A law passed in the name of religious liberty continues to legitimize discrimination a quarter century after it came into existence.
Twenty-five years ago today, the Religious Freedom Restoration Act (RFRA) went into effect. RFRA is a superstatute, effectively amending every other federal law, that Congress unanimously passed amid religious hysteria in response to a controversial 1990 Supreme Court case. This law allows religious people, businesses and/or corporations to violate generally applicable laws by claiming that the laws conflict with their religious beliefs.
Essentially, RFRA and its state counterparts create a legal loophole for anyone who wishes to discriminate in the name of religion, permitting individuals and corporations to be free from following the laws everyone else must follow if they claim it would "burden" their religion. And the bar for what constitutes a burden on religion has been set very low.
Further, RFRA is unconstitutional. While the Supreme Court's Hobby Lobby ruling relied solely on the federal RFRA, rather than on an interpretation of the Constitution, the court intentionally avoided addressing whether RFRA is itself a constitutional law. FFRF's amicus brief in the case received national attention for being the only brief to argue that RFRA is unconstitutional.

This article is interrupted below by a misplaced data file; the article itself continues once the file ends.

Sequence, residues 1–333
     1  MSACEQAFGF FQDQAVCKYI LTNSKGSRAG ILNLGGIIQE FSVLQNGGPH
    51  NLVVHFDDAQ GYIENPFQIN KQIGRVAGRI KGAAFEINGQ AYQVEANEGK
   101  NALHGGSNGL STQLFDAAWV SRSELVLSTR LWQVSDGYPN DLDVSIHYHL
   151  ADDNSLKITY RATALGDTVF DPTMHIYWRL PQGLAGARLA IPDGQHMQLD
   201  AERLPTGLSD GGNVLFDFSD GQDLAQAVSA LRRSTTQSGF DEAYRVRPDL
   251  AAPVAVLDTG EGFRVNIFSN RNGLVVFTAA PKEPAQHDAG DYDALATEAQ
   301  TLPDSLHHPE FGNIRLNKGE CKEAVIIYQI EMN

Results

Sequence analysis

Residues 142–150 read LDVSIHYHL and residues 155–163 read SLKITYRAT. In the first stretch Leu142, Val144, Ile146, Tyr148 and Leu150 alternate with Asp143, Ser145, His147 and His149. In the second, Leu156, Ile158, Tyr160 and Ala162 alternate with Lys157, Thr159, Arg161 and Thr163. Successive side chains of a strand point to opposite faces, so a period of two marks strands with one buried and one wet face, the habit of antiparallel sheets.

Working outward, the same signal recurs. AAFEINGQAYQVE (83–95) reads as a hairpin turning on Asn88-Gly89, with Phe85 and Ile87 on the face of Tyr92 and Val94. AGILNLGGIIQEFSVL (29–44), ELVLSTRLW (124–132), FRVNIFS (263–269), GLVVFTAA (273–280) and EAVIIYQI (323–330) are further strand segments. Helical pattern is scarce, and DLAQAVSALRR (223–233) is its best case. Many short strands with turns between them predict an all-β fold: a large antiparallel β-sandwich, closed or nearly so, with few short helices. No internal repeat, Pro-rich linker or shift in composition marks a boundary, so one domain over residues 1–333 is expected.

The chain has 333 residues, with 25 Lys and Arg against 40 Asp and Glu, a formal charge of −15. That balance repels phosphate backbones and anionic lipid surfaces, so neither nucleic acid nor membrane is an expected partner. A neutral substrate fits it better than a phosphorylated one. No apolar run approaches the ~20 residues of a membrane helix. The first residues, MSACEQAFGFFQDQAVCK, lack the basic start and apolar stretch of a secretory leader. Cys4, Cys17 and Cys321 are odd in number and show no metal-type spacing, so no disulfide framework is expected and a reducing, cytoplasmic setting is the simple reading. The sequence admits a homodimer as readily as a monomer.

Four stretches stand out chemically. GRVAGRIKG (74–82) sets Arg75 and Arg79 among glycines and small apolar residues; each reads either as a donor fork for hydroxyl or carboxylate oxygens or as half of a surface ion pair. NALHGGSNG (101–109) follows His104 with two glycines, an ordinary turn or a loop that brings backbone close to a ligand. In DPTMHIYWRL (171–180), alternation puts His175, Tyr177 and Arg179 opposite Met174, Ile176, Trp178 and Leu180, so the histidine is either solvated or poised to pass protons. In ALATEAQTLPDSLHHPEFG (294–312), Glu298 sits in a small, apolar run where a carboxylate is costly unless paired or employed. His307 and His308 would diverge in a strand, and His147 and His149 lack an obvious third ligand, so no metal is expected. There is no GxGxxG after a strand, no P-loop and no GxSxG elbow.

Once considered a shield for religious liberty, even by many civil rights groups, RFRA has been turned into a weapon for discrimination as evidenced by that case. FFRF was one of the few organizations to originally oppose RFRA and has been actively calling for the repeal of this statute since the disastrous Hobby Lobby decision.
“Twenty-five years of legalized religion-based discrimination is enough,” comments FFRF Co-President Annie Laurie Gaylor. “Americans who believe in equal rights for women and LGBTQ individuals, and who do not believe that religious business owners should be allowed to exempt their business from federal laws, should demand an end to the age of RFRA.”
You can learn more about RFRA, and find out what can be done to stop it, here.